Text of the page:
Mason Hawkins, chairman and chief executive officer of Southeastern Asset Management indicated that his firm is prepared to fight Dell Inc. (NASDAQ:DELL)’s agreement with the consortium of buyers who want to take the company private for $24.4 billion.
In a regulatory filing with the Securities and Exchange Commission (SEC) on Tuesday, Hawkins wrote that his firm hired D.F. King & Co. to provide certain consulting and related services. D.F. King & Co. is one of the leading proxy solicitation and corporate/communications firm with expertise in proxy fights and tender/exchange offers for corporate control.
Carlson Capital's Black Diamond Arbitrage Partners fund added 1.3% net fees in the first quarter of 2021, according to a copy of the firm's March 2021 investor update, which ValueWalk has been able to review. Q1 2021 hedge fund letters, conferences and more At the end of the quarter, merger arbitrage investments represented 89% of Read More
In addition, Hawkins also confirmed that Southeastern Asset Management owned more than 146 million shares or a 8.44 percent stake in Dell Inc. (NASDAQ:DELL). The firm is the largest shareholder of the computer maker aside from its CEO Michael Dell.
According to a report from the New York Times Dealbook, citing an unnamed source familiar with the issue, Southeastern Asset Management also retained the services of an experienced lawyer in mergers and acquisitions, Dennis J. Block, senior chairman of global corporate, mergers & acquisitions of Greenberg Taurig LLP.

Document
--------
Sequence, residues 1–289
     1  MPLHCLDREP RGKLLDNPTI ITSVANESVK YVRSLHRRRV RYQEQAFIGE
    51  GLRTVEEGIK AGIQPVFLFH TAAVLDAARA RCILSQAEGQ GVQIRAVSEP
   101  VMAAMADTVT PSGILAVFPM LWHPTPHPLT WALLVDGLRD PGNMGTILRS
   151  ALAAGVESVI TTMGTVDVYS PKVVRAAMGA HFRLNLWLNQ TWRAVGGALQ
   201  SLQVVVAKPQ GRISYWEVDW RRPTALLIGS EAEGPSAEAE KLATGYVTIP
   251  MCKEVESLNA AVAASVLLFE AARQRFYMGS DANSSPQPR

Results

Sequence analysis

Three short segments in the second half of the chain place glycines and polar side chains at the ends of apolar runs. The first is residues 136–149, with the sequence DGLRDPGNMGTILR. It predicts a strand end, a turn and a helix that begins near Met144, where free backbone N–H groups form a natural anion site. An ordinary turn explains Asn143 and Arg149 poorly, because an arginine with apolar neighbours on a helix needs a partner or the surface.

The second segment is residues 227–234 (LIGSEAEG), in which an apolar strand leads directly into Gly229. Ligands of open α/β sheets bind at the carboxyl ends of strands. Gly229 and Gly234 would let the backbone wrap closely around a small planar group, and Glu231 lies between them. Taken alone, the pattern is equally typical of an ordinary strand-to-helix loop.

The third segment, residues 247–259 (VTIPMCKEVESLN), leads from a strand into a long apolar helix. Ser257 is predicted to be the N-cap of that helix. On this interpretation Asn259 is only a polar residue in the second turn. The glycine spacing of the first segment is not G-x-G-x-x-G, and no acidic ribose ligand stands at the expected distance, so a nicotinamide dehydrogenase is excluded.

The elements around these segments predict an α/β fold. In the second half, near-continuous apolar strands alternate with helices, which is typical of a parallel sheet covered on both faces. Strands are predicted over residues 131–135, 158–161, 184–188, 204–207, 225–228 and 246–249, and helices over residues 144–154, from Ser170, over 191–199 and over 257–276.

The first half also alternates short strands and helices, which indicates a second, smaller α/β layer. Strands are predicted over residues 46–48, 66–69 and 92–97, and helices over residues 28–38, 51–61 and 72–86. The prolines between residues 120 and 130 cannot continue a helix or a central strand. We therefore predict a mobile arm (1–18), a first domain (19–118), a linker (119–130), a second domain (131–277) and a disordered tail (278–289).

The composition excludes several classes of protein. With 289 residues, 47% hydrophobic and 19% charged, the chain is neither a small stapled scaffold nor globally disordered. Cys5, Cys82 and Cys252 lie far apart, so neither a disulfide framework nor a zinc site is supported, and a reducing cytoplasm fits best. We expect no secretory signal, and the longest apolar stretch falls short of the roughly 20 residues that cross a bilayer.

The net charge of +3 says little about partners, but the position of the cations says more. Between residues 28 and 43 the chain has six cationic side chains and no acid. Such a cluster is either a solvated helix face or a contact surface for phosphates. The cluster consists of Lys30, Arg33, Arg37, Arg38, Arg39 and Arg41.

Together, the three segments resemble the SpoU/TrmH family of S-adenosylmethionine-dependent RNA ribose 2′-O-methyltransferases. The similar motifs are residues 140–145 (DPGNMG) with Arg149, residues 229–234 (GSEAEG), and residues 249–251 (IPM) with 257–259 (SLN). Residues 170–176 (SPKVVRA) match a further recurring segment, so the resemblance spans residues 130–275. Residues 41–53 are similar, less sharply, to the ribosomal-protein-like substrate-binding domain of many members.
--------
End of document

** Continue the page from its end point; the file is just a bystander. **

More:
In a research note, analysts at Jefferies said that Dell’s investors want the buyers to raise their bid for the company. According to them, the buyers could raise their proposal to $15 a share to satisfy the agitated shareholders.
The analysts also speculated that Dell may not receive any competing offer. They said, “We estimate $15 would yield a 20%-23% IRR and believe private equity would be unlikely to accept a lower rate.”
Most recently, Hawkins expressed his extreme disappointment regarding Dell’s buyout agreement in a letter to the board of directors of the computer maker. Hawkins pointed out that the deal “grossly undervalues” the company, the timing of the bid was “opportunistic,” and denied shareholders ability to take part in substantial value creation of Dell in the future.
In addition, Hawkins said his firm estimated that Dell’s value should be around $24 per share and provided a breakdown of the company’s valuation: net cash ($3.64), Dell Financial Services (DFS) ($1.72), acquisitions since 2008 ($7.58), server business ($4.44), support and deployment ($3.89), PC business ($2.78), software & peripheral ($1.67), unallocated expenses (-$1.00), and DFS value embedded in segments ($1.00).
Analysts believe that Hawkins is determined to fight the deal because his firm could loss substantial amount of money. They estimated that Southeastern Asset Management could loss approximately $800 million as it acquired its stake in Dell Inc. (NASDAQ:DELL) at an average of $20 per share.
Other shareholders including Harris Associated LP, Yacktman Asset Management, and Pzena Investment Management, Inc. (NYSE:PZN) indicated their plan to vote against the DELL buyout agreement.